As issues pile up for the Fort Lauderdale Strikers, attention is turning the team’s high-profile ownership group.
Back in 2014, the Strikers were purchased by a Brazil-based ownership group that was headed by entrepreneur Paulo Cesso and included Ronaldo. This year, there has been several problems for the Strikers. Earlier this summer, the team left Lockhart Stadium–its longtime home–for Central Broward Stadium, as renovations to Lockhart Stadium as part of an adjacent waterpark development were tied up in a court proceeding.
Amidst the change in facilities, the Strikers have dealt with other problems. The team’s attendance lags at the back of the pack in the NASL, entering this week at an average of 1,425 spectators per-game, a sharp decrease from the more than 4,500 fans the team averaged last year. Additionally, reports have surfaced that the Strikers have encountered payroll delays this season.
With those problems, many have questioned if the current ownership’s business model and attempt to market its connection with to Ronaldo is sustainable, particularly as it tries to build the team’s fanbase. More from the Guardian:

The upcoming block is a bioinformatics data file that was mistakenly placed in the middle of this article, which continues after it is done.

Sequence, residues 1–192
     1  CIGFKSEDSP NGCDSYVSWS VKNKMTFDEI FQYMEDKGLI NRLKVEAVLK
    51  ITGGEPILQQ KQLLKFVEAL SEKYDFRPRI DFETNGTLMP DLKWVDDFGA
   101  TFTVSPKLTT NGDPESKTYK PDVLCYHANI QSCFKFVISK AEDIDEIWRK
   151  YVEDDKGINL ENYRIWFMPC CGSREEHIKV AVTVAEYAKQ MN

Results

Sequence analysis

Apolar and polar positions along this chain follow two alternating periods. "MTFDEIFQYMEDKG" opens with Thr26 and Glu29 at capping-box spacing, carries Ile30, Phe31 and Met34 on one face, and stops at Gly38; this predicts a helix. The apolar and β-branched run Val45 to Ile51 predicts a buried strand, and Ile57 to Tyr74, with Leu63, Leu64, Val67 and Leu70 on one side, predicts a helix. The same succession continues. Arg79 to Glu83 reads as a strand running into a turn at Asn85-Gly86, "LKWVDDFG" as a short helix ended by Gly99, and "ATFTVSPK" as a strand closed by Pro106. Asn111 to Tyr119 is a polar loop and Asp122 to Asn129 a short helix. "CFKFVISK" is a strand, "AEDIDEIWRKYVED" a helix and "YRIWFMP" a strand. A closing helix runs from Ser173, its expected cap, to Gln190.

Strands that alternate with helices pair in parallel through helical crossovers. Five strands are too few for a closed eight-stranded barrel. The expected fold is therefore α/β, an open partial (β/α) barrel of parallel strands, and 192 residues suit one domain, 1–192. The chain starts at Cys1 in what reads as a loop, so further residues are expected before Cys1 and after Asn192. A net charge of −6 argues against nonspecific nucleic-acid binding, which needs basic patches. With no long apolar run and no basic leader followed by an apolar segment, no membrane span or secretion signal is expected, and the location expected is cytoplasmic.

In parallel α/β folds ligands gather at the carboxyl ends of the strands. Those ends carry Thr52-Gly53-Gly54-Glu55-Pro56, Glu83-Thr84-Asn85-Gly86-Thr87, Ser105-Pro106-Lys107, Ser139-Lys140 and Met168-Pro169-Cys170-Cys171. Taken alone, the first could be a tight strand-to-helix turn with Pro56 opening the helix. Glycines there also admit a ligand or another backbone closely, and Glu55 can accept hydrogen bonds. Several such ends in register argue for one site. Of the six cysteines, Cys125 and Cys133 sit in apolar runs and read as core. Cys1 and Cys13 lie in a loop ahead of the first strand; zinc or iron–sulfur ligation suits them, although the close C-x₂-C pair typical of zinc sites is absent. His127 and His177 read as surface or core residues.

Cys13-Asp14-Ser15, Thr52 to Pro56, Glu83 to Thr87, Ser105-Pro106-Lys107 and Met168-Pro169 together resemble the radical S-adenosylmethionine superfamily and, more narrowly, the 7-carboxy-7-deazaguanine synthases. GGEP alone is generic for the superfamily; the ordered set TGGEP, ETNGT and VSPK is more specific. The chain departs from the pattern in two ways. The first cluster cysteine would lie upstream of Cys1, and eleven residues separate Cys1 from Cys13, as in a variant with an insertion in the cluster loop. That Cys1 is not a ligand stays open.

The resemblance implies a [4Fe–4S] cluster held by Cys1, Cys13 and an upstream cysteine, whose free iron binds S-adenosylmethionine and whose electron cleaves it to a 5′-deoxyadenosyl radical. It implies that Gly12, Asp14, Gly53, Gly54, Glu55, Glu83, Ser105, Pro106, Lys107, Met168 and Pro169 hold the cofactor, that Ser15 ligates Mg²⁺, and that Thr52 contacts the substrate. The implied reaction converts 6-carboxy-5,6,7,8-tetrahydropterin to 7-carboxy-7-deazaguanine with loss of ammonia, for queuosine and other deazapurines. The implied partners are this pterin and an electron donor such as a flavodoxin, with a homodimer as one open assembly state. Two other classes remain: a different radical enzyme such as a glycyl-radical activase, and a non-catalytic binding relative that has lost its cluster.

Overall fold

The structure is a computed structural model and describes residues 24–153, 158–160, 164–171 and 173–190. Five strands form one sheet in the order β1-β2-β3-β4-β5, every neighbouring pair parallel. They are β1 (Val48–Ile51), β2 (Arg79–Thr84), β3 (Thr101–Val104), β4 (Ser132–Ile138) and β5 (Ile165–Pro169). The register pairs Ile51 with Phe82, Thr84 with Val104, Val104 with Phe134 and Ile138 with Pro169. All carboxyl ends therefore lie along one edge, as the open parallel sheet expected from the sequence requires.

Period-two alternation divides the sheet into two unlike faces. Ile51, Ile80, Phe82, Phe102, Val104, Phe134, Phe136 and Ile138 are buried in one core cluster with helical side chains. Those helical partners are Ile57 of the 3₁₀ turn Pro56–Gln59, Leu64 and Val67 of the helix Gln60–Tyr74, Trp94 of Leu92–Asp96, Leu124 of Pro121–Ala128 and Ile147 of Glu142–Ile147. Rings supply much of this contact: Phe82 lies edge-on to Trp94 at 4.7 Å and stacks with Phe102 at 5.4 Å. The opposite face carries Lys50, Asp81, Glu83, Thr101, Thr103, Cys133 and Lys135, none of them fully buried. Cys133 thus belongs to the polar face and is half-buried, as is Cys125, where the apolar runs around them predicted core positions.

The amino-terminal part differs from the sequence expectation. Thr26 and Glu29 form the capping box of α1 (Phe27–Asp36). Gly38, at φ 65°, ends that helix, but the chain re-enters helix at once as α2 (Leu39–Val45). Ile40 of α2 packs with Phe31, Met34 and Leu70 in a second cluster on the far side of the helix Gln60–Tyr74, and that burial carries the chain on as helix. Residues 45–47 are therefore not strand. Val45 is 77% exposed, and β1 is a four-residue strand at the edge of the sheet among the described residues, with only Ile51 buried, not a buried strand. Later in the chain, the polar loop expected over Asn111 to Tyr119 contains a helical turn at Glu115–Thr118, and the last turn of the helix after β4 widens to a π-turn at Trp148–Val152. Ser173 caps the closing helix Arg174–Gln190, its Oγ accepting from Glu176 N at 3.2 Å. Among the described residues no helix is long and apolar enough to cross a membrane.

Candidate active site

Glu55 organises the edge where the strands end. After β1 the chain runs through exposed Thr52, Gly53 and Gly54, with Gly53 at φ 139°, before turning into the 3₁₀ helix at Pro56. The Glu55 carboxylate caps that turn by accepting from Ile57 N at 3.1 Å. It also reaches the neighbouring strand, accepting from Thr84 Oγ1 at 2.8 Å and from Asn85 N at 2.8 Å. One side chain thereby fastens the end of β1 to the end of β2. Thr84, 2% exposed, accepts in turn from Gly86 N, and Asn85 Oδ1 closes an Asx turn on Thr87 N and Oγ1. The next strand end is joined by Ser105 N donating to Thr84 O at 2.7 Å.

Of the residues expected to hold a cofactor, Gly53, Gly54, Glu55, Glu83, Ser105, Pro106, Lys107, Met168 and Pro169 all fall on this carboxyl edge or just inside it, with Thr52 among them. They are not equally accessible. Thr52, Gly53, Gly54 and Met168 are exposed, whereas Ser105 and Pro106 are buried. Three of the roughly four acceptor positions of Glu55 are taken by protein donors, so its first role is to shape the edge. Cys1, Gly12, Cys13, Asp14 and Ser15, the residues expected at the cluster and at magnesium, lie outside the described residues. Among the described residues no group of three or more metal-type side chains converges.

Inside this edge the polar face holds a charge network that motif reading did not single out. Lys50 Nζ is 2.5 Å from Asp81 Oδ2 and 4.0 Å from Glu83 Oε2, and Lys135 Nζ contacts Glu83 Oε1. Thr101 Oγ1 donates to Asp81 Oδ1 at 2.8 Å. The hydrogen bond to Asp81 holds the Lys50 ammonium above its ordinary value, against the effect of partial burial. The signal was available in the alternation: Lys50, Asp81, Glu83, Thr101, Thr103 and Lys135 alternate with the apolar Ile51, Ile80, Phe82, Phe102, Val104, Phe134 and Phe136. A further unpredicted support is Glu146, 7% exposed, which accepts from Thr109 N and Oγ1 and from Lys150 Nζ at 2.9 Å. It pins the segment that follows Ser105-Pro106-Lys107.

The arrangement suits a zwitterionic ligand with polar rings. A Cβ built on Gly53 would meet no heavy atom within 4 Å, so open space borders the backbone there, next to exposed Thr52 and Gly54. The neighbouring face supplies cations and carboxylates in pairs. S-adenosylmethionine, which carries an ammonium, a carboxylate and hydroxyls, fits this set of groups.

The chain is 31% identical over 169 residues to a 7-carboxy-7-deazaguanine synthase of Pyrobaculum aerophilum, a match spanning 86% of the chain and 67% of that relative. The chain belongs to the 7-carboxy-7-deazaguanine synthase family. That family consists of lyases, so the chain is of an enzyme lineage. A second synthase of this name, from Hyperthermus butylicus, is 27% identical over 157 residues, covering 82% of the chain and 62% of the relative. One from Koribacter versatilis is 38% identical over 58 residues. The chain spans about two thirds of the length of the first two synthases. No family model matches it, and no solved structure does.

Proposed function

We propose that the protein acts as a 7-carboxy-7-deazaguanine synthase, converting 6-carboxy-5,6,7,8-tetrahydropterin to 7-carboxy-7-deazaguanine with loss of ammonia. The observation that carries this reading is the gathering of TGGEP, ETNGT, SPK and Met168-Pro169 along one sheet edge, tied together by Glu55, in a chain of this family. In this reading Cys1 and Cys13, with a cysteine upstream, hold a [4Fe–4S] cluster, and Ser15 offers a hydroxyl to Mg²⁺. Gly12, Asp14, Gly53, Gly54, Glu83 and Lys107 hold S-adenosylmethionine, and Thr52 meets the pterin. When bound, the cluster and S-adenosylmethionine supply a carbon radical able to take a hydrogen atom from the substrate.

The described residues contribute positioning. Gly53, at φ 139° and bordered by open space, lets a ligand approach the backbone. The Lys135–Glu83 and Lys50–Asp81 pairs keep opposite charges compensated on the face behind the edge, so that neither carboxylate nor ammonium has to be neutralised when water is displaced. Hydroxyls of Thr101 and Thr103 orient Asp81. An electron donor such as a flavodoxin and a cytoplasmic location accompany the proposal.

He was a seldom seen figure, says fan leader Kenny Butler, president of the prominent Strikers supporters group, Flight 19. “His presence has been spotty since the beginning,” he says. “I think it was the same thing as them bringing [Brazilian defender] Leo Moura last year to play No10 when he’s been a left-back all his career. If he could play No10 he would have done in Brazil. And they thought all the Brazilians would show up just to see Leo Moura.”
Ronaldo’s likeness may have been overused, says the Sun Sentinel’s Pedro Heizer. “He was never here,” says Heizer. “The Strikers didn’t advertise much but when they did it tended to include Ronaldo. I think that might have got to people because they never saw him.”
The Brazilians called the Strikers wrong, he believes, because they arrived “thinking they knew soccer because they are Brazilian but failed to understand American soccer is a whole different beast.”
Initially the noises coming from the new owners were positive, Butler says. The fan relationship with the front office was productive. But then fans saw the team flooded with Brazilians, interpreted as an ultimately botched attempt to appeal to the local Brazilian community. A disconnect with fans has been palpable this season. In recent seasons, average crowds have been modest — around 3,000-4,000. This season, attendances have plummeted to around the 1,300 mark.
The Guardian also reported that the Strikers are for sale, though a team spokesperson downplayed that talk.